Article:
KNIGHT, Richard Payne (c.1750-1824), of Downton Castle, Herefs.

Published in The History of Parliament: the House of Commons 1754-1790, ed. L. Namier, J. Brooke., 1964
Available from Boydell and Brewer



1780 - 1784
1784 - 1806

Family and Education

b. c.1750, 1st s. of Rev. Thomas Knight of Wormsley Grange, Herefs. by Ursula, da. of Frederick Nash of Dinham, Salop. unm.  suc. fa. 1764; uncle 1767.

Offices Held


Richard Payne Knight’s grandfather became rich through Shropshire iron works; and bought Downton, about five miles from Ludlow and ten from Leominster. Knight was the first of his family to sit in Parliament.

John Robinson wrote about Leominster in his electoral survey of July 1780: ‘A gentleman not a friend to Government it is thought will step forward.’ Knight was returned after a contest, and voted consistently against North’s Administration.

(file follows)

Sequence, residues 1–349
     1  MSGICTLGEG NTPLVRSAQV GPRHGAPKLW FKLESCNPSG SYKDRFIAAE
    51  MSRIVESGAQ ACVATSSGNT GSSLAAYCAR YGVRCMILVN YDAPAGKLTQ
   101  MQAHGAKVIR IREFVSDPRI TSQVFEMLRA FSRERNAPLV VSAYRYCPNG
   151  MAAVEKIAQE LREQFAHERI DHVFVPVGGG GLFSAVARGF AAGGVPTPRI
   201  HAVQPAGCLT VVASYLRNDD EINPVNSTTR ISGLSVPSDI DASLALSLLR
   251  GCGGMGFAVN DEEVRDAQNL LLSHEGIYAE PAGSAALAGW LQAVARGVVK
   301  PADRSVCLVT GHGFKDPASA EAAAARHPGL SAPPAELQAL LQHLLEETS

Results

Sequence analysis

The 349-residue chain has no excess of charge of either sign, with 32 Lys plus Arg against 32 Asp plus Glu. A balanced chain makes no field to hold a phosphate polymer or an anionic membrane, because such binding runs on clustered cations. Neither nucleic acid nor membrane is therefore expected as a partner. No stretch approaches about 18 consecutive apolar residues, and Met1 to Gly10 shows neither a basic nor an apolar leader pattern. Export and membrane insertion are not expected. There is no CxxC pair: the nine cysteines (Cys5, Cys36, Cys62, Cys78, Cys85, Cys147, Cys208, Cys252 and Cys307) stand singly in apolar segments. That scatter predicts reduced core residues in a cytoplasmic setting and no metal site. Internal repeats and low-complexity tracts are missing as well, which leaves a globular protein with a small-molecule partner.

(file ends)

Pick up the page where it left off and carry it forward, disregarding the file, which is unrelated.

He voted for Shelburne’s peace preliminaries, 18 Feb. 1783, and was classed by Robinson as a follower of Shelburne. He voted for Fox’s East India bill, 27 Nov. 1783; was classed by Robinson, January 1784, as ‘hopeful’; but by Stockdale, 19 Mar. 1784, as a follower of Fox. He belonged to the St. Alban’s Tavern group of country gentlemen which tried to unite Fox and Pitt, and both in 1783 and 1785 voted for parliamentary reform. In the Parliament of 1784 he uniformly voted against Pitt. There is no record of his having spoken in the House.

Knight was well known as a collector of coins and bronzes, a classical scholar, and a minor poet.  He died 23 Apr. 1824.

Ref Volumes: 1754-1790

Author: John Brooke